German researchers from the University of Münster have tackled that question. In a paper published in the journal Cyberpsychology, Behavior, and Social Networking this past summer, the scientists sought to determine the relationship between online video games and friendship. They surveyed German video game enthusiasts to measure their involvement with online games, their web of friendships online and off, and their emotional sensitivity -- a behavioral marker for shyness.
After controlling for confounders like age and gender, they found that those subjects with high emotional sensitivity reported more online friends than offline when compared to those with low emotional sensitivity. High emotional sensitivity also correlated with online friendships that transformed into offline friendships.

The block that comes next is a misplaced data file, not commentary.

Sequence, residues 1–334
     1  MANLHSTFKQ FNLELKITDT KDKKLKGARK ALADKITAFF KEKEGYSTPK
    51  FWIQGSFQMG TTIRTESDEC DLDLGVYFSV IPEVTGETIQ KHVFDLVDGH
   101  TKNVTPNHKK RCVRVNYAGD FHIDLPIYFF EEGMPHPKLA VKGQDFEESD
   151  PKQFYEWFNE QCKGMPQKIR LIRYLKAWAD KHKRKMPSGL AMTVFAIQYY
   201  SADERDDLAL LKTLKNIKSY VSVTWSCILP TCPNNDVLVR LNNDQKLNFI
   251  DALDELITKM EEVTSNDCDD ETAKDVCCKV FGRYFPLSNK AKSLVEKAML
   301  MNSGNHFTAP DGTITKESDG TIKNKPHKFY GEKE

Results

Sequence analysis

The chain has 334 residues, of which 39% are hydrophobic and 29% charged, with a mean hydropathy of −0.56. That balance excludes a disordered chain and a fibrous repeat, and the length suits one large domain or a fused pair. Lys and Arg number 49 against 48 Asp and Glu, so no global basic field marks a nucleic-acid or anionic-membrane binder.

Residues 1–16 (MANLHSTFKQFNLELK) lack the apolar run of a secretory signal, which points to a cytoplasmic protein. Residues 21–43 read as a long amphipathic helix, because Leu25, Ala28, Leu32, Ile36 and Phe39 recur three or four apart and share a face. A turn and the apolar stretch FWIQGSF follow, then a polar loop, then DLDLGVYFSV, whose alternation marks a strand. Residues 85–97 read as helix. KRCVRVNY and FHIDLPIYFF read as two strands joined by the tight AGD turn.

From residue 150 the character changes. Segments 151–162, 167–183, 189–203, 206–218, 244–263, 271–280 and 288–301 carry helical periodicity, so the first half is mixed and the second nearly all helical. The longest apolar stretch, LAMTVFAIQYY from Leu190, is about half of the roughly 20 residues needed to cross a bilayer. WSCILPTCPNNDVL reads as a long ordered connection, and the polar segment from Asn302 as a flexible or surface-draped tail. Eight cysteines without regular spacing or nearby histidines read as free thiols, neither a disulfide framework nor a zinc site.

In other words, the shier you are, the more likely you are to make more of your friends in cyberspace than meatspace, at least if you're a self-identified gamer. As Gamasutra put it, "emotionally sensitive users are using the online gaming environment differently from their counterparts. As they are shy in face-to-face interactions which translated to fewer friends, but they were able to make more friends through online videogames which its affordances (i.e., asynchronicity, visual anonymity, etc.) paved a way for them to compensate or overcome their shyness."
The full paper is behind an academic paywall, but the Gamasutra summary is worth a read.